Weeding out the Ferals – Managing weeds and feral animals in the Weddin Shire

  • Eight pig traps were constructed and made available for loan to residents of the Weddin Shire. 
  • Four remote cameras were purchased and made available for loan to residents of the Weddin Shire. 
  • Multiple workshops were held to educate on management options for feral animals and weed control. 

The issue 

The impact of feral pests and weeds was starting to take its toll on local ecosystems as well as agricultural impacts on crops and livestock in the Weddin Shire. 

There was a lack of resources for landholders to manage feral pigs, foxes, and invasive weeds on private properties, within tree lines and on roadsides. 

The Solution 

Building on previous Pest Management Projects, with funding through the Central West Local Land Services Landcare Delivery Projects Program, it was agreed to continue to better resource the community for weed and feral animal control and to protect local native plant species from the impact of feral pests.  

Eight pig traps were constructed and four remote cameras were purchased to assist in monitoring pest animal activity. These are now available for loan to residents of the Weddin Shire to help them get better visibility on what pests are impacting their property and to help manage them.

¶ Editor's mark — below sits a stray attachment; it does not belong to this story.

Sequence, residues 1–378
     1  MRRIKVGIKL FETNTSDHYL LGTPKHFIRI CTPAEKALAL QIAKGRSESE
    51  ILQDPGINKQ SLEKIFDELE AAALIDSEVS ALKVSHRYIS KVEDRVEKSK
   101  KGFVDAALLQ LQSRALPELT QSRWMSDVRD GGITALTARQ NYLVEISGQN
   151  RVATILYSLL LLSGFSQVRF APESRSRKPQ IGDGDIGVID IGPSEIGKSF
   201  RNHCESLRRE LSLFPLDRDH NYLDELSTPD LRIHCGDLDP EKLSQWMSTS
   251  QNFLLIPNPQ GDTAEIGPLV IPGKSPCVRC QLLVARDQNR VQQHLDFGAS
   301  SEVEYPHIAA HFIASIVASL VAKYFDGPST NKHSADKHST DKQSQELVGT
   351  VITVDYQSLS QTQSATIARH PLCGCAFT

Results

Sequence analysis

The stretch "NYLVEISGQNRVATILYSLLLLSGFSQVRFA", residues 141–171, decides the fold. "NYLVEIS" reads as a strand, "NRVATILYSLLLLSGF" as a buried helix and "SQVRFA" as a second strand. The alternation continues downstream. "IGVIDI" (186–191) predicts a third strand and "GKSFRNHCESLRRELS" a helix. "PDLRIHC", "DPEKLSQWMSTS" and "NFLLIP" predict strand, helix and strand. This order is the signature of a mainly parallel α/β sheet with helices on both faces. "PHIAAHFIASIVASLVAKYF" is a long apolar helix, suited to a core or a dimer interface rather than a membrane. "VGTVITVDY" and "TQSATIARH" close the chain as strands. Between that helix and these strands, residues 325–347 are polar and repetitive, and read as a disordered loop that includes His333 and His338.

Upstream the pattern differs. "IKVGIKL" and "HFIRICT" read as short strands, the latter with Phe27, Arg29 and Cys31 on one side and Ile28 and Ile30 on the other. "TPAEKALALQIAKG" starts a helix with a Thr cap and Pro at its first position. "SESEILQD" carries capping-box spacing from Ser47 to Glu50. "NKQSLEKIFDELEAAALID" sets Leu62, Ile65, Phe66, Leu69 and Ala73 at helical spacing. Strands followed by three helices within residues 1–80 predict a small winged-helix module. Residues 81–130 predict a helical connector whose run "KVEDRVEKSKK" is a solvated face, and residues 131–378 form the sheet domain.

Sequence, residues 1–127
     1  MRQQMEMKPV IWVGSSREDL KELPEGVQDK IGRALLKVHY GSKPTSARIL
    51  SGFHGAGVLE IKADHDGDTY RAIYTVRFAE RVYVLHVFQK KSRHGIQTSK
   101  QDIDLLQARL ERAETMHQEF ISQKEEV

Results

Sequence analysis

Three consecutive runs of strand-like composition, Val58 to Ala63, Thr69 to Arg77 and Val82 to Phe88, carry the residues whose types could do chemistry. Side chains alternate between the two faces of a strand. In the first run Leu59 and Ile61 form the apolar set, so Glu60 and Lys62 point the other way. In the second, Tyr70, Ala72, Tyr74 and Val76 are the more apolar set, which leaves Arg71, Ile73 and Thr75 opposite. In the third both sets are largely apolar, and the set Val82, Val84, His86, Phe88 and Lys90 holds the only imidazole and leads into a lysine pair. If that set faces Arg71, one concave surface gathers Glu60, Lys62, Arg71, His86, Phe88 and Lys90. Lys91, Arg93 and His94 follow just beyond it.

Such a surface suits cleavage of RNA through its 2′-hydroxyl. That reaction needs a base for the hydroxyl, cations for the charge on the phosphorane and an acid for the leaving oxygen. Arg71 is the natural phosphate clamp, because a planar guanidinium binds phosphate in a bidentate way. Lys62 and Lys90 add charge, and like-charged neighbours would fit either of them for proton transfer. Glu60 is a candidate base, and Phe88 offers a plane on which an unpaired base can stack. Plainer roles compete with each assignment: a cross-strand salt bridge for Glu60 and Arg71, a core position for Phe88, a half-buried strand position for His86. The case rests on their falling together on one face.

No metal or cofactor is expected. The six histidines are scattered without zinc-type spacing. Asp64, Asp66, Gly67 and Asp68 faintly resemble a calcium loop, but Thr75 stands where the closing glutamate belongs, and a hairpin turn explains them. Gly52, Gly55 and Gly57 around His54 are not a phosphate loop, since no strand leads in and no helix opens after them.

A Feral Animal Seminar was held in conjunction with Central West Local Land Services in April 2017. Over 30 participants gained valuable insight into the different management options for feral animals. 

Two 1080/Pindone workshops were held (one in 2017 and one in 2019) in partnership with Central West Local Land Services. The training courses provided landholders with a clear understanding of 1080 and Pindone use and their respective legal obligations. Participants who completed the course received chemical accreditation for five years. Additionally, training was conducted on the use of the Canid Pest Ejector (CPE). The course covered baiting techniques, toxicity, storage, transport requirements, legislation, WHS, use of CPEs, and PAPP. 

A weed identification and control workshop was held in 2018 to educate attendees on how to manage weeds in fenced tree lines. 

The impact 

Our local area is now better protected from invasive species with landholders having increased knowledge and skills on managing and maintaining the impacts of feral pests and weeds. The pig traps and remote camera resources have helped empower the landholders to better manage their natural resources, knowing assistance is available.